Tuesday, June 27, 2017

Kepler Finds 219 New Exoplanets

This is the most comprehensive and detailed catalog release of candidate exoplanets, which are planets outside our solar system, from Kepler's first four years of data. It's also the final catalog from the spacecraft's view of the patch of sky in the Cygnus constellation.

NASA's Kepler space telescope team has released a mission catalog of planet candidates that introduces 219 new planet candidates, 10 of which are near-Earth size and orbiting in their star's habitable zone, which is the range of distance from a star where liquid water could pool on the surface of a rocky planet.

With the release of this catalog, derived from data publically available on the NASA Exoplanet Archive, there are now 4,034 planet candidates identified by Kepler. Of which, 2,335 have been verified as exoplanets. Of roughly 50 near-Earth size habitable zone candidates detected by Kepler, more than 30 have been verified.

Monday, June 26, 2017

The SETI Decrypt Challenge

Decryption of Messages from Extraterrestrial Intelligence Using the Power of Social Media - The SETI Decrypt Challenge


Heller et al

With the advent of modern astronomy, humans might now have acquired the technological and intellectual requirements to communicate with other intelligent beings beyond the solar system, if they exist. Radio signals have been identified as a means for interstellar communication about 60 years ago. And the Square Kilometer Array will be capable of detecting extrasolar radio sources analogous to terrestrial high-power radars out to several tens of light years. The ultimate question is: will we be able to understand the message, or, vice versa, if we submit a message to extraterrestrial intelligence first, how can we make sure that they understand us? Here I report on the largest blind experiment of a pretend radio message received on Earth from beyond the solar system. I posted a sequence of about two million binary digits ("0" and "1") to the social media that encoded a configuration frame, two slides with mathematical content, and four images along with spatial and temporal information about their contents. Six questions were asked that would need to be answered to document the successful decryption of the message. Within a month after the posting, over 300 replies were received in total, including comments and requests for hints, 66 of which contained the correct solutions. About half of the solutions were derived fully independently, the other half profited from public online discussions and spoilers. This experiment demonstrates the power of the world wide web to help interpreting possible future messages from extraterrestrial intelligence and to test decryptability of our own deliberate interstellar messages.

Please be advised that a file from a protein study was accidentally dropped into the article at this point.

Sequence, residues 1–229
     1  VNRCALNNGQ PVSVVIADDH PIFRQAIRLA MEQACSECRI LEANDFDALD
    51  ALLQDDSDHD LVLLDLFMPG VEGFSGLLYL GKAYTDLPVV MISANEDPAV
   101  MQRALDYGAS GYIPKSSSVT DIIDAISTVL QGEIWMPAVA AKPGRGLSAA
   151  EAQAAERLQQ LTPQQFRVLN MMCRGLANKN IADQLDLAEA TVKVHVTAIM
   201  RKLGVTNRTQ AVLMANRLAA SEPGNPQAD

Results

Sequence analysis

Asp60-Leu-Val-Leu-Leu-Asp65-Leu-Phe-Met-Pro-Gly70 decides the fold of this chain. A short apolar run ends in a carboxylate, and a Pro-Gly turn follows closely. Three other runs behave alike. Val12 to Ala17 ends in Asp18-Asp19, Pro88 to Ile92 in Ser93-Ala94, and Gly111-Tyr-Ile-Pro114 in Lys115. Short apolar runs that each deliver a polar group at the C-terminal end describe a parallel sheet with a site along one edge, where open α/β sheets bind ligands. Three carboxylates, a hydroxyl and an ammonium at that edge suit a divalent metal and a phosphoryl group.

Saturday, June 24, 2017

ALMA Detects Debris Disk Around Fomalhaut

An international team of astronomers using the Atacama Large Millimeter/submillimeter Array (ALMA) has made the first complete millimeter-wavelength image of the ring of dusty debris surrounding the young star Fomalhaut. This remarkably well-defined band of rubble and gas is likely the result of exocomets smashing together near the outer edges of a planetary system 25 light-years from Earth.